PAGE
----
Line Item 4: Workforce Planning Pilot Program. This Air Force pilot initiative is being worked with OPM to develop a human capital architecture that includes interview tools, occupational questionnaires, and job previews. If successful, it has the potential to enable acquisition centers to deploy competency-based tools and create organization specific recruitment and retention strategies. A key outcome will be tailored succession plans that will help acquisition organizations transition from their current state to their forecasted “to be” mission.

Line Item 5: Retention and Recognition Incentives. Initiatives in this line item will retain high performers with critical skills and in key leadership positions and improve retention in positions that are in short supply through incentives and programs designed to make a career in DoD acquisition more attractive. The forecasted loss of corporate knowledge and expertise has the potential to significantly impact the ability of the acquisition workforce to carry out its mission of achieving successful acquisition outcomes. It includes retention bonuses, tuition assistance, and student loan payments.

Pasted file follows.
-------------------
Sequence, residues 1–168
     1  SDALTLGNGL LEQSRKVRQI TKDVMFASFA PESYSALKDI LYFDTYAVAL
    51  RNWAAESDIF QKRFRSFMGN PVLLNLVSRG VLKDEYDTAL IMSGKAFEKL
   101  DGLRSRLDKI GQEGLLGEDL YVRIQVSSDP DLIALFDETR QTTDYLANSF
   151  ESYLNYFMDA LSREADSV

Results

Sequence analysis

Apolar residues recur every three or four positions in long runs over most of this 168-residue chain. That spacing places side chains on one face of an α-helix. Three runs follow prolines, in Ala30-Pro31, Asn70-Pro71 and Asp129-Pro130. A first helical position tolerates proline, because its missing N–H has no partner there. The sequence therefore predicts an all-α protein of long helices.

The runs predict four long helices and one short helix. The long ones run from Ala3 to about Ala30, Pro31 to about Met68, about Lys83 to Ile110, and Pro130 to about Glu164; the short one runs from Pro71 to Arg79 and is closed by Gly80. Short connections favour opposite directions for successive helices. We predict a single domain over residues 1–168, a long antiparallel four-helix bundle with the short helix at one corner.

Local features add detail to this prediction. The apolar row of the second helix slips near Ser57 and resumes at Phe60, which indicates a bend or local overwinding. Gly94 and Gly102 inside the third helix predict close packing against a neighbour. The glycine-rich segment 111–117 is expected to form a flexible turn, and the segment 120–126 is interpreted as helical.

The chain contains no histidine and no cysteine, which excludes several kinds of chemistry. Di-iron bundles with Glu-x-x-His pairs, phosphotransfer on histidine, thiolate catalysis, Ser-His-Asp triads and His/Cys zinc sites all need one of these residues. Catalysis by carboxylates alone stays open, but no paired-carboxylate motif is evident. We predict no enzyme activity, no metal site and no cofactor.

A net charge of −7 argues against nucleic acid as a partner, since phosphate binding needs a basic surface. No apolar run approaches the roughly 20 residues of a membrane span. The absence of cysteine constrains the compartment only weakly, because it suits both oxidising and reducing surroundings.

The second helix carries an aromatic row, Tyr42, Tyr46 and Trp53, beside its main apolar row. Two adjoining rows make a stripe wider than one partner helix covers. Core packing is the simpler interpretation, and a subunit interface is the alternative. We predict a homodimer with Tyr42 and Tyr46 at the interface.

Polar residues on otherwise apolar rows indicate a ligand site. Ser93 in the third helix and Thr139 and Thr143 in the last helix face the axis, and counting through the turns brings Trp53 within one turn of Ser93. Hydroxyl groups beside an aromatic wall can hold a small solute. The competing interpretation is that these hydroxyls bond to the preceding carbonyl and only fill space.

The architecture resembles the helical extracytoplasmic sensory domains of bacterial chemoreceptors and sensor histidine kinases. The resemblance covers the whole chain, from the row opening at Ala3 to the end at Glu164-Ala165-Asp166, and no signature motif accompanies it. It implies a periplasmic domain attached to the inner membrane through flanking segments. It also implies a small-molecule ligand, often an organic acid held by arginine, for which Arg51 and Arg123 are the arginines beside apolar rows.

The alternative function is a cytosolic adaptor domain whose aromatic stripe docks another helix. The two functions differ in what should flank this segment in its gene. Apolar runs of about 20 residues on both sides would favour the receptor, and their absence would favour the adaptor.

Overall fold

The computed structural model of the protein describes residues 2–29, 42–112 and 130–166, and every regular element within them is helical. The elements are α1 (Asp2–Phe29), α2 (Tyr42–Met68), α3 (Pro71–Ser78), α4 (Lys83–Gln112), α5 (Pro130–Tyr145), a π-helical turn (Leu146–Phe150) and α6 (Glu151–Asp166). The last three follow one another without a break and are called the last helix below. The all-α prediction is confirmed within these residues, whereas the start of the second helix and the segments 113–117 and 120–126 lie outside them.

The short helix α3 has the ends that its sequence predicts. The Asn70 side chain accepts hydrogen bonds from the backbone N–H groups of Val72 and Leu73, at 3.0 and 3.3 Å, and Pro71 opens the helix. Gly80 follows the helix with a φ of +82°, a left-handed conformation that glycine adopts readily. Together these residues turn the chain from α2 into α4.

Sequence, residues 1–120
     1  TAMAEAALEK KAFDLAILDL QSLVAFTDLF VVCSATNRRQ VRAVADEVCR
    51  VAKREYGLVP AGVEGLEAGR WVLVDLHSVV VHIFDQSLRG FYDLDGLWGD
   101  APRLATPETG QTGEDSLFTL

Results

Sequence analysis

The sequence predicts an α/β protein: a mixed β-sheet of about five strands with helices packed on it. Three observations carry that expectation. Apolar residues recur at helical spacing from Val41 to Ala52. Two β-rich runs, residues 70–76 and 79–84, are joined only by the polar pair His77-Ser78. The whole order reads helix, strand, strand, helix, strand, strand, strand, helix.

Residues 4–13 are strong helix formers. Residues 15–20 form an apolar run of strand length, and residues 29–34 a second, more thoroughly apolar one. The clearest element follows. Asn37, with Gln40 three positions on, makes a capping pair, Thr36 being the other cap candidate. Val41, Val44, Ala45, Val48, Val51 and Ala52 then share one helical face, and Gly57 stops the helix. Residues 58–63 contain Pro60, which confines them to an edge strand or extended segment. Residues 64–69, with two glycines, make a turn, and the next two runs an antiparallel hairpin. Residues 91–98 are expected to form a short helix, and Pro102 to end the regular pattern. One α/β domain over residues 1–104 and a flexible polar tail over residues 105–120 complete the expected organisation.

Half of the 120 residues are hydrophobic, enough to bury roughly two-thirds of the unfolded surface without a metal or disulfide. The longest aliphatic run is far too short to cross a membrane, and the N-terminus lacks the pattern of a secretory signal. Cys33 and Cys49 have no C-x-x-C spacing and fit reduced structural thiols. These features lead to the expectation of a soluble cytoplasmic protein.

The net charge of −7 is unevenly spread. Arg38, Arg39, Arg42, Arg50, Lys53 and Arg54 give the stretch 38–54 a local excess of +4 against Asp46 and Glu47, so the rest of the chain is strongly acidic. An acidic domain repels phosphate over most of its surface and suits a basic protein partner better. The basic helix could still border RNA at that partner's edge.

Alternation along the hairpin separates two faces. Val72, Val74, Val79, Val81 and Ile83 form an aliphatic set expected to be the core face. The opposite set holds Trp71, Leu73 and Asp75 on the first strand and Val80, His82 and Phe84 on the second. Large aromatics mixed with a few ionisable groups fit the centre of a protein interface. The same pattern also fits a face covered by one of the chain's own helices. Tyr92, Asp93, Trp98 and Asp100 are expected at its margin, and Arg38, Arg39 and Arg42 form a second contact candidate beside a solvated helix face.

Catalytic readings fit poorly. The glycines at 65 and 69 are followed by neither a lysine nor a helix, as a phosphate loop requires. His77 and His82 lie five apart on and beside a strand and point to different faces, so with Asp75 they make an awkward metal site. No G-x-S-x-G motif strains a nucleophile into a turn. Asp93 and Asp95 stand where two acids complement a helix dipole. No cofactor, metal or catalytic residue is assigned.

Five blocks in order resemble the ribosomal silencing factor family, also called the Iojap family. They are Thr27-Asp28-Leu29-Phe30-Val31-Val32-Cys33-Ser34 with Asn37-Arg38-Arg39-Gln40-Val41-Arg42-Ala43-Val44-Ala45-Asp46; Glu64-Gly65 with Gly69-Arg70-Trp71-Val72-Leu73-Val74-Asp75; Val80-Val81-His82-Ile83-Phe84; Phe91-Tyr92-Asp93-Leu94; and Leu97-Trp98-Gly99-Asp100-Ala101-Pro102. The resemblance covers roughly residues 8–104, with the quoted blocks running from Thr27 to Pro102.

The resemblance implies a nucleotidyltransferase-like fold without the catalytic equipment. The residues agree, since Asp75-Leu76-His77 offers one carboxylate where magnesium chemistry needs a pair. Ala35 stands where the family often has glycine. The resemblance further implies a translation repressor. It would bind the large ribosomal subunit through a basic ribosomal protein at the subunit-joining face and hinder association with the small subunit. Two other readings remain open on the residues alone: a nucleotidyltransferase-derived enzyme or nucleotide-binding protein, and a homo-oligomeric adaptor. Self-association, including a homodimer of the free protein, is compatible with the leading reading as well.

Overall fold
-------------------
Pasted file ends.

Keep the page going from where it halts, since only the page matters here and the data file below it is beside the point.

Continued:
Line Item 6: Career Broadening and Academic Programs. Initiatives in this line item will provide developmental assignments, rotations, programs at academic institutions, training outside one’s current specialization, and opportunities to acquire joint and interagency experience. The legacy career structure for civilian employees has emphasized depth over breadth, which results in a “silo” framework that inhibits the broader perspective needed to manage complex acquisition programs. A more attractive career structure, which will improve retention in the acquisition workforce, is one that provides breadth of experience, training and education.

Line Item 7: Intern Programs. Initiatives in this line item support recruiting, hiring and developing interns to be better qualified at the point of migration into the acquisition workforce. Hiring is primarily focused on engineering and contracting career fields. Seventy-three percent of the current Defense acquisition workforce are in the Baby Boomer and Traditional generations and 19 percent (20,000 civilians) are eligible for full retirement. At the same time, there are skill and competency areas within the current workforce that have too few people and need to be built up.